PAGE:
However, if ONE person (or a limited number of people) were infected at a time, and the samples were not diluted in the environment to obscure that signal, then MAYBE it might be possible to detect enough signal (sequence depth and percent reference coverage) to assemble parts of a genome (contigs) or a full genome. This approach was not disclosed by the authors, though the authors did mention wastewater sampling as “time-weighted composite samples and programmed to sample every 10–15 min over a 7 h interval (typically 6:30 am–4:00 pm).” The authors also mention surface sampling (“staff swabbed a one-foot square area in the center of each classroom floor at the end of each day prior to classroom cleaning”). The sampling methods used in the study make recovering single virus samples difficult/impossible. I would not expect the surface sampling to recover sufficient signal for whole genome assemblies without collapsing virus from multiple people. The environmental nature of the sampling is permissive for admixture (mixed sequences from multiple people in the same sample). Admixture CANNOT be directly assessed at the assembly level. Thankfully, detection of any SC2, or enough mutant alleles to make a lineage call, require less sensitive methods than full-length genome assembly.

If one had a limited set of highly divergent strains in a sample, one could map filtered reads based on those reference genomes (plural) and then assemble the genomes from those subsets (2). This does not seem to be what the authors did based on their published text. The study was conducted from November 2020 to March 2021 in California, USA. SC2 is known to surge sub-seasonally, and we have extensive data available for which strains were around in California during that time to be able to use strain-specific reference-guided filtering to perform the analyses that authors claimed to have done (e.g., “recovering near complete genomes”) while failing to provide methodological information and results to support their claims. This should be added to any correction of this manuscript. The authors should be able to reuse their C-VIEW approach (GitHub - ucsd-ccbb/C-VIEW: This software implements a high-throughput data processing pipeline to identify and charaterize SARS-CoV-2 variant sequences in specimens from COVID-19 positive hosts or environments.) but will need to replace their main SC2 reference genome with reference genomes relevant to their study period. Some SC2 strain/variant/specific reference genomes are available here: SARS-CoV-2 variants ~ ViralZone.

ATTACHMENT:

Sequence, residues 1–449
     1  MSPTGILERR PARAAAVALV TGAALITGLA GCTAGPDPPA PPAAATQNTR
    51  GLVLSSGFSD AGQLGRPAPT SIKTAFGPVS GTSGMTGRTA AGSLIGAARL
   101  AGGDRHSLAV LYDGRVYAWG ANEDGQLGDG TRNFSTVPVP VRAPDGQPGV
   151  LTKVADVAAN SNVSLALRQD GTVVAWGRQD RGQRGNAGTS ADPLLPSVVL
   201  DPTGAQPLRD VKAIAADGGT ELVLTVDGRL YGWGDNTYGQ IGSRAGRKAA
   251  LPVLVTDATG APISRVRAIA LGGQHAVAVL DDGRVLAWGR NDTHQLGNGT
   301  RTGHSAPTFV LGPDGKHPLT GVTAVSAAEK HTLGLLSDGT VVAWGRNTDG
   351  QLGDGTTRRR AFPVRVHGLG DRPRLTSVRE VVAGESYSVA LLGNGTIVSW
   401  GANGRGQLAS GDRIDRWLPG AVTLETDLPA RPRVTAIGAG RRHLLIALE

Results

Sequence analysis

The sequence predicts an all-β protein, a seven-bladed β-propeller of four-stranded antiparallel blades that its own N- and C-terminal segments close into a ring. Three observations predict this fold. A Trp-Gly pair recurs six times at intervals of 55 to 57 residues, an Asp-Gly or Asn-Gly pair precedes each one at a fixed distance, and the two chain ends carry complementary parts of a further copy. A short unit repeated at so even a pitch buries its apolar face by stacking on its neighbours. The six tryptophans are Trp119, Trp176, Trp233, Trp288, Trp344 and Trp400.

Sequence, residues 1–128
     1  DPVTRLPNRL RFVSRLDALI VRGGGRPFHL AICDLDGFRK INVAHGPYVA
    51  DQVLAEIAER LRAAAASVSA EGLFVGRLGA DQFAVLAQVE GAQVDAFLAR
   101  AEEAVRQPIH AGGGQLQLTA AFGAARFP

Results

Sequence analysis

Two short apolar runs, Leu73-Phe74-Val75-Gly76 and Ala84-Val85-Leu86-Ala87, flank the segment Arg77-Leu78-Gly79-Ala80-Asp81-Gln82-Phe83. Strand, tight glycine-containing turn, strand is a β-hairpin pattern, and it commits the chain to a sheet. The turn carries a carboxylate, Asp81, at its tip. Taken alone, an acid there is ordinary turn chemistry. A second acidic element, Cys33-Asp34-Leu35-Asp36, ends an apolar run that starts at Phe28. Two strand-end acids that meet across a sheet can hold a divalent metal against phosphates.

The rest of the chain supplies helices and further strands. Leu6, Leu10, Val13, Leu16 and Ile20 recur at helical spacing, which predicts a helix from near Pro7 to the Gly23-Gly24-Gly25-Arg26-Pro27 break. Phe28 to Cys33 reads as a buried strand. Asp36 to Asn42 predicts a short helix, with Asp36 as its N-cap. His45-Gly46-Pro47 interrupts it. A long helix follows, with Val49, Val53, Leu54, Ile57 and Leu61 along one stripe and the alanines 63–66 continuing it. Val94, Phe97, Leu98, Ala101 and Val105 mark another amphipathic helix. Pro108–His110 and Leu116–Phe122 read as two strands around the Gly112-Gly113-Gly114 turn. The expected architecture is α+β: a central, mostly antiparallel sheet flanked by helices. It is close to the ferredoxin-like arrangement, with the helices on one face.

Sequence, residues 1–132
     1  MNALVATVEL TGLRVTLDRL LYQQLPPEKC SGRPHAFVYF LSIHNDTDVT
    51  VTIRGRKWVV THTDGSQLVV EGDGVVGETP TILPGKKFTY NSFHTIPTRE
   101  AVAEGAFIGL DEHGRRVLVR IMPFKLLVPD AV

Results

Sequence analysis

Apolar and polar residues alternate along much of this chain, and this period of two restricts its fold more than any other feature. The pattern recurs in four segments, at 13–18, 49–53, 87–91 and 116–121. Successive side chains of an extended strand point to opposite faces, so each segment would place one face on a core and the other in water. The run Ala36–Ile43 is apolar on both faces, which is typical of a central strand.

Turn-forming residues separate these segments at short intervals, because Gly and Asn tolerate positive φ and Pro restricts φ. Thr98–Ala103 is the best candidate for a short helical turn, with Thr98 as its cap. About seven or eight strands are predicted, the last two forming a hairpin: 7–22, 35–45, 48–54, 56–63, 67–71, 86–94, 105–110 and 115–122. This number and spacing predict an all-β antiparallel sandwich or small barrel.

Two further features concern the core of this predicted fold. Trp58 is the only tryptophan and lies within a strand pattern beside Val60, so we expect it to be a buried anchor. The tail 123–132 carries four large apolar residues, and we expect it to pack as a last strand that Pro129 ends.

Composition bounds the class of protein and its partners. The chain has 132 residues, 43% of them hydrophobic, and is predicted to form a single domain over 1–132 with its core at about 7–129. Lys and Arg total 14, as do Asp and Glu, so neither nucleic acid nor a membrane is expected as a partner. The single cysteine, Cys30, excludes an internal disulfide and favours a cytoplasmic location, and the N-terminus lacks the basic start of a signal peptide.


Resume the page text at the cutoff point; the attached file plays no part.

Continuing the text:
Comparing A.) assemblies (.fasta) with B.) read sequences (.fastq) information would be helpful to illustrate the inappropriateness of collapsing nearly identical SC2 sequences onto a single linear reference genome and calling a consensus on that dogpile. This process is also known as reference-guided assembly. However, read-level data was not shared by the authors in the manuscript. As for their assemblies, I searched in GISAID on 27 February 2023 for the “Accession_ID” “hCoV-19/env/USA/CA-SEARCH-16259” which was first on the list of assemblies the authors included in their supplemental data file. This accession is not a GISAID accession, although it vaguely resembles formats like virus name. I failed to return anything in my search. At present, the assembly data from these studies does not seem to be available in GISAID. This is something that reviewers at Lancet Regional Health Americas should have noticed. The authors should also include read data in an open (International Nucleotide Sequence Database Collaboration (INSDC)) database like the Sequence Read Archive (SRA) to enable better interpretation by SC2 community members to maintain the high standard that is needed before studies achieve peer-review status. This is now a requirement of the NIH for future studies and is easily implementable now for the sake of rigor and reproducibility.